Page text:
One extremely sultry Sunday morning, I visited the Sundar Nagar Nursery. It reopened to the public in February 2018 after a restoration project by the Aga Khan Trust for Culture (AKTC), in partnership with the Central Public Works Department (CPWD) and the Archaeological Survey of India (ASI). What an absolute beauty!!!
It is a great example of what the citizens deserve when private and public partnerships work together towards a creative endeavour. There must have been lots of challenges but when you visit it, you start marvelling at the amount of work that has gone in this vast 90 acre green space.
What strikes most is how clean and well maintained this public garden is. The staff are so warm and caring. The ticket counter salesman was so happy that I could give him change! Who really does that anymore?
The first monument you see is the beautiful 16th century Sunder Burj. It has delicately carved interiors abound with calligraphic panels. They give you the feeling of standing under a starlit sky, soaked in it – similar to having a hand block printed Ajrakh textile draped over your head.
You then walk ahead, through what was the Azim Bagh in Mughal era and converted to a nursery by the British in the 20th century. Today, the garden is resplendent with flora of multiple hues and fragrances.
Just ahead, you find the Lakarwala Burj on your left, eclipsed behind a fountain.
This monument also has carved panels but there are traces of painting in its dome and on its exterior. I don’t know what the colour references would have been for the conservators and restorers but I do appreciate the present choice of colours. The green of the garden stands out against the earthy colours of the structure.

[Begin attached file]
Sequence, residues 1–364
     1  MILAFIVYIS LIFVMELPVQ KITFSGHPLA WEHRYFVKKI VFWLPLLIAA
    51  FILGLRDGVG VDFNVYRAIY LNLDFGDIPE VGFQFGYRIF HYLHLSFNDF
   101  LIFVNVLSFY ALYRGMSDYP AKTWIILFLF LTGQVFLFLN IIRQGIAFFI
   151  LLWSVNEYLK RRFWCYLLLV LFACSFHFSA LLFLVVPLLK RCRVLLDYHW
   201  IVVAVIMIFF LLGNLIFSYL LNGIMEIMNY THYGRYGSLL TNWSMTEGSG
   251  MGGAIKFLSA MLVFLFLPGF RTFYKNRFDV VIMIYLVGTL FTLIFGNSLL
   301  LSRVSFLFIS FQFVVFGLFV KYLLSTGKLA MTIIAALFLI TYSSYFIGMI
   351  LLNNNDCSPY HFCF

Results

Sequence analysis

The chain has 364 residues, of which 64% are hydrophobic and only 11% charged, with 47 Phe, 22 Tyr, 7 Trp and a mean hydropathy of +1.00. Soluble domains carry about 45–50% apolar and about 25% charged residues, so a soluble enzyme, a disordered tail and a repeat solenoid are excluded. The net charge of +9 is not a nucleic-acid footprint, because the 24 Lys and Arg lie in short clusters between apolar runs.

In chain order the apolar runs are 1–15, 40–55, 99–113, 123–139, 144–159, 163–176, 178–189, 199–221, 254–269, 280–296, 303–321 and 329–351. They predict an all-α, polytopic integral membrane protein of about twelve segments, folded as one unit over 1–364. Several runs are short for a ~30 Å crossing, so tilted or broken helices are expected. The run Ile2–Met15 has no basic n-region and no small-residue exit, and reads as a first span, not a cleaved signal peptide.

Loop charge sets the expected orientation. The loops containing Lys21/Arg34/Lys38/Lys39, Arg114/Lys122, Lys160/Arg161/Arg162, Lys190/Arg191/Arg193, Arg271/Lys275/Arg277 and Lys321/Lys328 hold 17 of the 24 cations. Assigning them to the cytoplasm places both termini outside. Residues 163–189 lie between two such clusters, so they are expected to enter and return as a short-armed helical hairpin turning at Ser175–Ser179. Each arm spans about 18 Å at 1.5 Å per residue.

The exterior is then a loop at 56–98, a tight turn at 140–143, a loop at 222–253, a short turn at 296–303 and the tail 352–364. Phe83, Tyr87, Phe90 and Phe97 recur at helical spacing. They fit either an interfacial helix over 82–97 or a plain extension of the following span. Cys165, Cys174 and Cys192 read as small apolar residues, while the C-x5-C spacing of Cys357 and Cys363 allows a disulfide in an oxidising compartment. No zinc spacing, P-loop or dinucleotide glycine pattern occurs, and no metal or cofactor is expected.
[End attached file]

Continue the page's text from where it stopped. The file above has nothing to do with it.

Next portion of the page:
I do wish that there was more information on what is written in the calligraphy so I look forward to its details, if ever published somewhere.
I love ruins. ‘Khandahar’ as they’re poetically called in Hindi. I just love these broken structures, strewn all around. I imagine each stone has a story to tell. I sometimes imagine these stories also 🙂 Have you ever done that?
There are 6 other structures in the immense complex, including an arched pavilion. It appeared to me to have several romantic legends from the past intertwined in the fold of its vines and petals.
Extremely well designed way finding and signage system, accessible pathways, ramps, ample comfortable seating has made traversing through the garden a treat. Don’t worry, it is not going to get damaged that soon – it is a UNESCO World Heritage Site 🙂
Though I had spent only an hour there, I wish I could have lived there. If you are a Delhite, then please spend all your cool days there. You are bound to forget all pollution. If you are a tourist, then do not hesitate to add this place to your travel itinerary.
If you are someone who likes peace and quiet for reading, writing or sketching then this is a must visit 🙂
All photos by the author
Great to know from writing that the place lying rather neglected has been restored to its near-original state. It needs visitors like you with a keen sense of understanding to appreciate the beauty of the place as also dedicated work of those who have restored it with care and knowledge.
Thank you 🙂 It is a very well restored heritage complex – worth several visits!
Beautifully presented capturing all the beauty the essence the story the hard work the esthetics almost like a audio guide walking u through the garden and it’s structures explaining it … Even though u have written it but a person with a little bit imaginative skills would surely see/walk through the garden sitting on their sofa in their drawing room… Love ur descriptive skills..keep it up I save a lot of money travelling by reading ur blogs…and to mention the least beautiful photographs to fill in the missing chinks in your imagery👍👍
Great 🙂 Thank you Bijoy… This is exactly my attempt -of making spaces accessible even if someone is not able to be physically reach there